As we head down the road about 50 yards, a hawk comes out of an Oak hard by the verge, takes a look at us.

Then he heads for the horizon. Dad?

Which brings us to a pair of geese and their three goslings, I got out to look at.

Further down the road I get out again. the number of goslings these two have in tow is truly remarkable.

I counted and there are 28, yes TWENTY-EIGHT goslings. This has to be atypical so when I got home I looked it up. According to the literature 12 eggs is max for a Canada Goose pair and sometimes they will only lay 1 or 2. So 28 is enough for 3 pair of geese.
It occurs to me that perhaps several sets were orphaned and just joined the throng. Cathy Horvath did say that ducks down't count so maybe geese don't either. It's still weird.

Do Canada Geese do communal gosling sitting. Not that I know of. Did another pair swim by and somehow their goslings got sucked into the other group?
then I notice the gosling-less pair. Did they just go by and loose their train?

Fascinating. I wonder if it will even out later?

This is a muskrat house, the top of which is a favorite spot for water fowl to make their nests. I've taken many photos of muskrat houses but this one is special. Look just right of center. Looks like a mammal to me.
Eventually Marian and I make our way to a farm owned by Suzan Wade's family where the other nest had been sighted. The field the trees bordered was fallow so we didn't have to worry about crop tromping but it had a dandy crop of thistles and stickers going.
The trees had leafed out fully since Marian had seen the nest so it took a few minutes to rediscover it.

It turned out to be rather mysterious as it was heavily leaved and not at all easy to view. And then I noticed the white somethings outside the nest. Note the tail hanging down. It didn't act right for a Red-tail eyass it seemed more plume like in the breeze.
We made several attempts at different angles and never really did figure out what we had here. It was beginning to get dark and whethter the light was an issue or whether the nest looked slightly differently put together than that of an RTH nest because of it, I don't know.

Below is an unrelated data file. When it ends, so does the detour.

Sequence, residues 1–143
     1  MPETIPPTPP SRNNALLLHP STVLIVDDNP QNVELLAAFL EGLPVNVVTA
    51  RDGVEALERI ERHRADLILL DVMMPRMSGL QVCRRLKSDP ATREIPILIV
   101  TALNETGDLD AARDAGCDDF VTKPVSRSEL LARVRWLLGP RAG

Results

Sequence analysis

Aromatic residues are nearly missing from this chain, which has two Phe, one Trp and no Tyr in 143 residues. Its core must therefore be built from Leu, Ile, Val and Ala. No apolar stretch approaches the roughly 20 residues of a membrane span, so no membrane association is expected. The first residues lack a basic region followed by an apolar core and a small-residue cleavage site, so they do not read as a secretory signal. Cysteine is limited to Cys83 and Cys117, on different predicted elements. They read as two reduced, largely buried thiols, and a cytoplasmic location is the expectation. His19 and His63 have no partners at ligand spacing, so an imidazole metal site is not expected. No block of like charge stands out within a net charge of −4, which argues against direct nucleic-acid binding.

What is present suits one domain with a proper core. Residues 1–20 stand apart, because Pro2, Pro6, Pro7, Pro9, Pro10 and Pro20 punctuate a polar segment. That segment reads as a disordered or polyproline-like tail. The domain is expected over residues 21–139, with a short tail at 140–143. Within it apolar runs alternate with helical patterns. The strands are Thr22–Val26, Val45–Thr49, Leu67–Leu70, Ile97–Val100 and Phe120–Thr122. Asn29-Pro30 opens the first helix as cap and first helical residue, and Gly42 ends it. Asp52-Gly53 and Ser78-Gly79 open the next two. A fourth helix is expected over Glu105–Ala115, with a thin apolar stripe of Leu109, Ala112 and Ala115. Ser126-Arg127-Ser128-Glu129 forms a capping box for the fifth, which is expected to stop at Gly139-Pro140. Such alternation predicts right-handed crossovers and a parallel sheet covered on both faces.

We'll be going back to check on it but if anyone has any bright ideas, send them along.
Donegal Browne


Karen Anne said...

Do Canada geese parents have to feed goslings, or do the goslings forage for themselves? I looked it up and one site said goslings eat insects and the tips of greenery.

Because I am thinking try to feed 28 might not work, but those goslings look quite big and healthy. So maybe they were adopted/babysat at a fairly advanced age.

I am thinking that white thing is maybe a plastic big, sigh.

Donegal Browne said...

Goslings and ducklings when hatched are good to go in the feeding themselves department. The parent's job is to protect them from predators and show them the ropes on where good pickings might be found in the area until they aren't quite such perfect tasty mouthfuls for so many other creatures.

In the photographs you may note the other pair of geese who have no goslings with them. I was wondering if the pairs had passed close by each other and the two sets or perhaps two sets and a few more had gotten intermingled somehow and never reseparated. I don't know how one pair of geese would take to another pair swimming by and herding half of what they must think is their personal brood away from them.

Ah ha, maybe that is a big white plastic bag up there. I hadn't thought of that! Thanks Karen.